Thursday, November 19, 2009

Whimsical Wednesday: Slow But Steady Beta

I’m obviously a day behind with my blogging schedule, but I simply can’t skip this week’s “Whimsical Wednesday.” This is usually the day that I muse about my non-food/travel/movie interests, so I thought I’d chat briefly about beta-reading – a newly adopted interest in recent months.

Over the summer and after much soul-searching, I realized that my first novel, Hollow Souls, was far from ready to be seen by agents, editors, and other publishing professionals. Although my husband was confident that I could revamp the book on my own, I felt that it was necessary to have a few fellow writers look at it first. Not only does that seem to be standard operating procedure for writers these days, but I had also reached a point where I could no longer see my story clearly. In other words, I knew it needed to change, but I didn’t know how to change it – and I thought other writers might be able to see what I no longer could.

Thus, I embarked on the beta-reading process, and so far, five amazing people – Weronika, Bridget, Kristi, Elaine, and Chazley – have read my novel. While their comments have made it clear that I have a long road ahead, I’ll be forever grateful to each of them for their perspective and insight.

My only regret in this is that I have yet to return the favor to all but one (Bridget), and I feel incredibly guilty about it. To be fair, two of my betas – Weronika and Kristi – aren’t ready for me yet, but I definitely owe the other two a critique, not to mention others (like Bane and Mary Jo) whose work I’ve promised to read. I’m not, as a rule, such a slow reader – nor are these extremely varied manuscripts a chore to read (‘cause they’re not!) – I just never expected to have so much to do this fall. Between moving from Michigan, maintaining four blogs, hosting a film festival in New Orleans, and working on my latest travel-writing gig, I’ve literally been “meeting myself coming and going,” as Maw-Maw Deanne would say (yes, that’s right, we call our grandfolks “maw-maws” and “paw-paws” down here).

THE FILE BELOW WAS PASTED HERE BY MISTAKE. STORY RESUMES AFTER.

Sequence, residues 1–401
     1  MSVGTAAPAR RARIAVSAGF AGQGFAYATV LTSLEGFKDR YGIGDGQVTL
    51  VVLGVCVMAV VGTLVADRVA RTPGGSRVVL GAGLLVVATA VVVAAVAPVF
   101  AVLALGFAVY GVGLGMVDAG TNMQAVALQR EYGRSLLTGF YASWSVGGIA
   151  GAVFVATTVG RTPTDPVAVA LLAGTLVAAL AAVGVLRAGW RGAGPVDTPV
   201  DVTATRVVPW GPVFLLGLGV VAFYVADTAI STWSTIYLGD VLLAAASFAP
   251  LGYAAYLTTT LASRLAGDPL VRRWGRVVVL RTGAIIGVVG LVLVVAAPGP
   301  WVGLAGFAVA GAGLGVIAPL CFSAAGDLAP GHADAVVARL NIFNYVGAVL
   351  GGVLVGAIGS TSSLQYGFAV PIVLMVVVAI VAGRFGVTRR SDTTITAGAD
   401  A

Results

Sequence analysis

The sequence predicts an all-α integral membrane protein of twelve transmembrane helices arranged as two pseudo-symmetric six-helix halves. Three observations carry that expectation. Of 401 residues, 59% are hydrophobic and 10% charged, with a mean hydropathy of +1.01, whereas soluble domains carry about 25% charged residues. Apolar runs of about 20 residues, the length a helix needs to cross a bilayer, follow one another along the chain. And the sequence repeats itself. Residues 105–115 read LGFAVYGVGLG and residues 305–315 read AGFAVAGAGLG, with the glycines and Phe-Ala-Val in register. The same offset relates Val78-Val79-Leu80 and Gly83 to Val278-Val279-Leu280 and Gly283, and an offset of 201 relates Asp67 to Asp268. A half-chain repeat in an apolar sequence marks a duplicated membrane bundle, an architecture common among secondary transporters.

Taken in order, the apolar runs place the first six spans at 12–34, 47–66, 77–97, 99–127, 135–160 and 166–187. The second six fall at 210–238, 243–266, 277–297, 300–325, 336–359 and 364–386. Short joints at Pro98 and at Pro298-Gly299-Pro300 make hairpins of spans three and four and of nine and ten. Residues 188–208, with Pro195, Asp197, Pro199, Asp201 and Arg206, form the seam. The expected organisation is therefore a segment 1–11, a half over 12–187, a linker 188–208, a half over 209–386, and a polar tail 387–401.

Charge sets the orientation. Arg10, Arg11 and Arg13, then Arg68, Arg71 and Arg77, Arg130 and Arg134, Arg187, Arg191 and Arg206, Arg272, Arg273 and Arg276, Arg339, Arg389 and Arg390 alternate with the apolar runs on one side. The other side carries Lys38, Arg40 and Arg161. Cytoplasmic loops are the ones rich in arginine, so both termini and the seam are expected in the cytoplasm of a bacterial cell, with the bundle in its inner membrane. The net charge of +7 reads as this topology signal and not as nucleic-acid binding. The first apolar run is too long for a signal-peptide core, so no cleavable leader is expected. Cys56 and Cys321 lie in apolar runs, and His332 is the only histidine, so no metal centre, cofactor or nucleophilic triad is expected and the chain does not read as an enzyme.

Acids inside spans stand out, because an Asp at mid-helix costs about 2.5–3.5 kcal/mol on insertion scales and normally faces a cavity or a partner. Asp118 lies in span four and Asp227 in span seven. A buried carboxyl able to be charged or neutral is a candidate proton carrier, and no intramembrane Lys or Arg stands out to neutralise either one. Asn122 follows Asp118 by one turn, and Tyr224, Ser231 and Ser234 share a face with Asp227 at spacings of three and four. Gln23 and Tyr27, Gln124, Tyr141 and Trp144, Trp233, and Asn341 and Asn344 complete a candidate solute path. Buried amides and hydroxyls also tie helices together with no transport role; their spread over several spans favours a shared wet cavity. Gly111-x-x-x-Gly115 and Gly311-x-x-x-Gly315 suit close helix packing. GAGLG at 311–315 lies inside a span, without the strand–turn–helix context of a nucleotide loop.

But I plan to spend the next week attempting to finish my beta-reading duties, and I’m really excited about it. For one thing, it’ll delay my own revision a bit longer, and for another thing, while I know that I’ll learn a lot from my beta readers’ suggestions, I find that I’m learning even more from reading their stories, which range from literary fiction to middle-grade fantasy. Though I have no doubt that they’re all miffed with me for taking so long, I hope they know that it’s my busy life that’s gotten in the way – not their talents – and that I’m really enjoying (and grateful for) this peek into their worlds. I’ve learned so much already – about plot, dialogue, showing versus telling, etc. – and I only hope that my own insights will be worth the wait.


jbchicoine said...